Compression clothing is not anything particularly new, but it has more scientific study behind it these days, and as a result has begun to crop up in many different sports, notably cycling and running, but also in team sports such as soccer where compression shorts and often compression tops are worn underneath the regular kit. For certain sports, a pair of compression shorts is also very useful to spare any blushes, for example in field hockey and tennis, where the ladies wear skirts which could easily ride up and expose their underwear otherwise. But aside from any vanity issues, compression sportswear is designed very specifically to address several issues which can lead to deteriorating performance, and so it has become essential gear for many of the pro athletes and cycle teams, both for use during training and especially for post race recovery.
What Are Compression Shorts?
Compression clothing in general is apparel which fits very snugly against the skin, and this provides several advantages compared to more usual, baggier sportswear. Firstly, for clothing in general, the tighter fit means better contact with hot skin during exercise, and since this type of clothing is made from high tech moisture wicking fabrics, it allows sweat to be more effectively removed from the skin surface. Eventually it will evaporate from the surface of the garment to provide efficient cooling when needed.
Compression shorts are a specialized case where, as already mentioned for women, they give the female athlete more confidence without the constant fear of embarrassing wardrobe malfunctions. For men, they are even more functional as the tighter fit means they hold ‘everything’ firmly in the right position, and also help to prevent chafing and soreness often associated with looser shorts, which might constantly move about and rub the skin during a race or training session.
There are two main types, the more common ones being similar to cycling shorts, which extend down towards the knee to provide compression to the upper part of the legs. The second type is shorter so that they can be hidden under soccer shorts, rather like briefs. However, it is common even to see soccer players wearing the longer ones which extend down beyond the length of their team shorts.
What Does Compression Clothing Do?
So it’s all very nice having all this tight-fitting clothing to wear while on the bike or running, but what does it actually do? There’s the obvious moisture wicking benefits of course, but there are some other studies carried out by manufacturers, and there is testimony from many athletes and professional team cyclists, which all point to the positive effect compression clothing has on muscle recovery after exercise. The benefits in this case, post-training, concerns the improved return of venous blood to the heart. While the heart pumps blood very effectively through the arterial system, venous return is an uphill struggle against gravity, so giving the system a helping hand with compression is a good way of staving off muscle soreness, and helping to remove lactic acid after strenuous training.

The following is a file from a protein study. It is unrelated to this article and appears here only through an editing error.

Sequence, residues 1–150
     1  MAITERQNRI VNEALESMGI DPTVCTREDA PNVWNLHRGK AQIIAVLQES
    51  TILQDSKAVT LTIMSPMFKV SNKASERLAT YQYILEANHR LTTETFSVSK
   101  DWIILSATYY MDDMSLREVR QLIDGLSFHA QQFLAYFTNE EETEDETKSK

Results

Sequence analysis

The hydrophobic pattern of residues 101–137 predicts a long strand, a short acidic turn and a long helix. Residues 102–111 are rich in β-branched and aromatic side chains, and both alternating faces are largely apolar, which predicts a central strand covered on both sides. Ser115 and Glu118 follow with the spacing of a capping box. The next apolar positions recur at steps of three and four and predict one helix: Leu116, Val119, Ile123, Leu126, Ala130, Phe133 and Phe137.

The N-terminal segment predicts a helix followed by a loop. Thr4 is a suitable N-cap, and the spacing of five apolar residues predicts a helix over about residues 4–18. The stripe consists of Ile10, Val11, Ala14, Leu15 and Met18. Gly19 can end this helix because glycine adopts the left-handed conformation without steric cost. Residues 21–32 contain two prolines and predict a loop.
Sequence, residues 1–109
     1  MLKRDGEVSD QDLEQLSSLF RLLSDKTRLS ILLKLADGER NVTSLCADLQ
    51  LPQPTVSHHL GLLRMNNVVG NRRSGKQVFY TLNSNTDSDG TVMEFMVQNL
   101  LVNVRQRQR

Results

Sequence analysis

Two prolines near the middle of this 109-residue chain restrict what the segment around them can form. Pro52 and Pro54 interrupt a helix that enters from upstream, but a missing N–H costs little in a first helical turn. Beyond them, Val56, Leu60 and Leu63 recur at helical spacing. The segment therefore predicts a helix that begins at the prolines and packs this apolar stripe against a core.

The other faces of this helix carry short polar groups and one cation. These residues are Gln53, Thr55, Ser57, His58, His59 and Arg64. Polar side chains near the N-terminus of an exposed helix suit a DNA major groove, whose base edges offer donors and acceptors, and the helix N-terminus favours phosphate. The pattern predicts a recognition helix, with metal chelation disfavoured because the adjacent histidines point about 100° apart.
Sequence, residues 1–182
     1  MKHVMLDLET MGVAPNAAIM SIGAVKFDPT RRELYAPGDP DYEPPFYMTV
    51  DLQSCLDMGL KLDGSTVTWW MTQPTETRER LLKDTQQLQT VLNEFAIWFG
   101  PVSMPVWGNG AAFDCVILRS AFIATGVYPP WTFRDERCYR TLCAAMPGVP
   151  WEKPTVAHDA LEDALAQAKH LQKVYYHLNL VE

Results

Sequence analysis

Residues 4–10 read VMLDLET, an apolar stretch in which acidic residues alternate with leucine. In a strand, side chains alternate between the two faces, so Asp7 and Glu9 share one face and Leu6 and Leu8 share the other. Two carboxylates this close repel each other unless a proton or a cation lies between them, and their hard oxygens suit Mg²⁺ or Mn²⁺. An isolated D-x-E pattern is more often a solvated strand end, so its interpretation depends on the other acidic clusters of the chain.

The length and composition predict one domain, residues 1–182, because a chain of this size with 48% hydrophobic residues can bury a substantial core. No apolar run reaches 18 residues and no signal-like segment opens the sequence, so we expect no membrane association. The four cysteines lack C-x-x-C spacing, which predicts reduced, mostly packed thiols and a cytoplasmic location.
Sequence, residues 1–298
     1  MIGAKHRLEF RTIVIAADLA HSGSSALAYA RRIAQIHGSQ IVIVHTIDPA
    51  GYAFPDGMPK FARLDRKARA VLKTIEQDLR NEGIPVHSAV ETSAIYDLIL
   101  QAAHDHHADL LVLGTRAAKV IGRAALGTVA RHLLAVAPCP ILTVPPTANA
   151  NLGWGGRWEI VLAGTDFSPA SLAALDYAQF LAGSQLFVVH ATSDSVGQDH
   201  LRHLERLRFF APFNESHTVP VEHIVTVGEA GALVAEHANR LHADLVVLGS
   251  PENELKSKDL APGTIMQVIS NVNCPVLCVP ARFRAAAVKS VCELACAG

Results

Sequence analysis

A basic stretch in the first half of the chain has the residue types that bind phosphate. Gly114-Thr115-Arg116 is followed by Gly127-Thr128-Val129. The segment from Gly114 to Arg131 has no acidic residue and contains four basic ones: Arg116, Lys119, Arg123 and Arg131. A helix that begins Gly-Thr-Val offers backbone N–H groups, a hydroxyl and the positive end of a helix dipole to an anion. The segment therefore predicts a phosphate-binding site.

As well as compression shorts and other attire being very useful to assist recovery, it is also claimed to help during exercise, which is why football teams, soccer teams and a whole array of other sportsmen and women wear them. They can be very effective at reducing muscular oscillation during jumping and sprinting movements, leading to more efficient use of energy and a reduced risk of injury and premature fatigue, since the muscles are constrained into moving the way nature intended.
To summarise, this type of gear is intended to both improve performance by promoting efficiency in how the muscles are allowed to move. It further helps overall duration of exercise by wicking away moisture and cooling down the athlete. And it helps to control and reduce swelling and delayed onset muscle soreness, by increasing circulation and dissipating lactic acid build up in muscles forced into anaerobic mode during high intensity workouts.
Can You Compress Anything Else?
Compression shorts are not the only piece of performance enhancing base layer. There are short and long-sleeved compression tops, as mentioned earlier, and many professional soccer players wear them underneath their regular team colors. But there is also specialist compression gear for cycling in particular, for example, calf guards and compression socks and tights, as well as compression arm sleeves to reduce swelling in the arms after gruelling mountain races.
For run training there are various lengths of compression tights, which are great as a base layer for winter runs. And of course for triathlon, there are trisuits which comprise of a sleeveless top and shorts as an all-in-one unit.
There are several notable brands of compression wear, and mainstream high street sportswear brands such as Nike and Adidas also produce their own kit. The main ones to look out for are Skins, UnderArmour, 2XU (pronounced “two times you”), Gore, Sugoi, and a whole array of others.
So if you are now looking for a little added edge to your racing – having covered all the usual bases in your performance training, from sports nutrition, decent kit, strength and cross-training, brick training, and perfecting technique – maybe it’s time to give a little compression clothing a try, and see for yourself if it really does enhance performance…for you.
Where To Buy Compression Shorts & Other Compression Clothing
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